Sat. May 25th, 2024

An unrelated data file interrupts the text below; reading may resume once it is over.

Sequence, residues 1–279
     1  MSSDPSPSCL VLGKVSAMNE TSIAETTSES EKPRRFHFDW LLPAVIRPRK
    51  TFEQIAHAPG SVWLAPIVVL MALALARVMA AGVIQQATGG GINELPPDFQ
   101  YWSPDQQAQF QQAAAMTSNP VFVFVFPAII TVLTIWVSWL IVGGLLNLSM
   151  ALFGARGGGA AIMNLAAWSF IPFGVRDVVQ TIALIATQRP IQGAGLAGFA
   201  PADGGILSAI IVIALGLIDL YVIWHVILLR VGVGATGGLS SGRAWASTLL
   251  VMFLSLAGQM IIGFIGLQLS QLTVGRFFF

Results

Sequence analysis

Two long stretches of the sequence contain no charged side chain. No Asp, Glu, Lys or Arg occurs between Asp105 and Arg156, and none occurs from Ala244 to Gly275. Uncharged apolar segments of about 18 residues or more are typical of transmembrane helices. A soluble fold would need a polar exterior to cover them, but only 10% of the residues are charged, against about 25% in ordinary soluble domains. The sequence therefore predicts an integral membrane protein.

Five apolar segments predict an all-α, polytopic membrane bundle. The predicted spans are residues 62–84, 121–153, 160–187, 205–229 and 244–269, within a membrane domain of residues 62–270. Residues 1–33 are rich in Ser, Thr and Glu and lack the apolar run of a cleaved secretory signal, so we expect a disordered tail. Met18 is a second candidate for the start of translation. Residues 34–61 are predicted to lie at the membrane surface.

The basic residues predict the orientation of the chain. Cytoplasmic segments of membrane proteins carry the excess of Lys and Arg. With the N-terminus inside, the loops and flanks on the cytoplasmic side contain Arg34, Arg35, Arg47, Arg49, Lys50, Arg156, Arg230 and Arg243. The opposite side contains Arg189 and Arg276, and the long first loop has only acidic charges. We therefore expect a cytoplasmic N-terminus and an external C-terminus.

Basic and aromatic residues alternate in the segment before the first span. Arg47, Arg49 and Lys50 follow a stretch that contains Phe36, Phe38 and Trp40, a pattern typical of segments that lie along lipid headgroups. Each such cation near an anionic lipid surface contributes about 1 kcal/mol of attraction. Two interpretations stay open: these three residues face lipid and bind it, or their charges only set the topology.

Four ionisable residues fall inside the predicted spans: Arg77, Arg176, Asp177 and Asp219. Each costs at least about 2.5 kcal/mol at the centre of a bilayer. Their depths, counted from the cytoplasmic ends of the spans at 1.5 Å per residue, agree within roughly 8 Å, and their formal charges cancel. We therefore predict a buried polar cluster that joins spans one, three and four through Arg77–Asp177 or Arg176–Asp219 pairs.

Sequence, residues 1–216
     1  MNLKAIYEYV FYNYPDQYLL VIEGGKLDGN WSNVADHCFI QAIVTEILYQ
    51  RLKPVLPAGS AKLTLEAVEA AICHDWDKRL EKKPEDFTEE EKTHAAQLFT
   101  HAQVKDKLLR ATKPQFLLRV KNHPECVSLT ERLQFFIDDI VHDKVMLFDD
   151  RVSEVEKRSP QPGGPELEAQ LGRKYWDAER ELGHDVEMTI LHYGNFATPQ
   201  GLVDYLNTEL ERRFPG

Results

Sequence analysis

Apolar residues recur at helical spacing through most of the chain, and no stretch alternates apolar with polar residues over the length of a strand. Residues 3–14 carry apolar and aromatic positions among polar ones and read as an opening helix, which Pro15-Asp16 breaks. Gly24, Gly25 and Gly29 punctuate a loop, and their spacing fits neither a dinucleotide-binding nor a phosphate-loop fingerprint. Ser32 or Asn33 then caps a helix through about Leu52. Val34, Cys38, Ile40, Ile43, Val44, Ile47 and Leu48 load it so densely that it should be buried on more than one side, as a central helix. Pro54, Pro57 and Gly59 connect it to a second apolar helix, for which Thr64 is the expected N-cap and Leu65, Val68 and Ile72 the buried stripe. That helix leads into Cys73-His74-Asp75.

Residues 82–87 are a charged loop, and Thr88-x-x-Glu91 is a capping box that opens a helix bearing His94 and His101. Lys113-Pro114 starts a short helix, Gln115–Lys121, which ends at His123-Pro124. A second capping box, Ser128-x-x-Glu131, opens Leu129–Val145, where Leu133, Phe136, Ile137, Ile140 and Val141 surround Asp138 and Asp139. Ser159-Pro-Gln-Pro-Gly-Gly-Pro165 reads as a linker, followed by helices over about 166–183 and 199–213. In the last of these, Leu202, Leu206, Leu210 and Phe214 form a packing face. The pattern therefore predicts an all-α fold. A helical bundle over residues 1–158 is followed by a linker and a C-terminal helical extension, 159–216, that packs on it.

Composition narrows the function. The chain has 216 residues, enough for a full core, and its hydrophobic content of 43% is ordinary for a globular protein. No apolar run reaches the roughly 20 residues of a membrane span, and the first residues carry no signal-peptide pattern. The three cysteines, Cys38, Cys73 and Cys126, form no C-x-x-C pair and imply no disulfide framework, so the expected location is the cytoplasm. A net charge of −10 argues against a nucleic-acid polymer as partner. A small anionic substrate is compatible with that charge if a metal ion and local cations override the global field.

TLDR: A series of failures in the AI industry has shown that self-regulation is not effective at ensuring the safe and trustworthy use of AI. The EU AI Act and Biden’s AI Executive Order are setting new standards and rules for AI use, and organisations that do not comply with these regulations may be locked out of government contracts and research opportunities. Despite warnings from experts about the risks of poorly-designed AI tools, many organisations continue to rush to adopt AI without considering the potential harms. Companies are now facing challenges in building consumer trust and addressing concerns over AI and privacy. The Pew Research Center found that 70% of those surveyed have little trust in companies to make responsible decisions regarding AI. The EU and the US have recognised the need to regulate both existing and future AI risks through comprehensive rules and a supportive ecosystem. Proponents of self-regulation argue that strict rules stifle innovation, but this argument ignores the fact that self-regulation has failed in other industries like social media. AI harms often disproportionately affect marginalised communities, exacerbating inequality and devaluing the people it harms. The recent failures of OpenAI and LAION 5B have demonstrated that self-regulation is inadequate in addressing safety and privacy risks. Both the EU and US governments are taking steps to introduce stricter regulations and hold organisations accountable for the use of AI.

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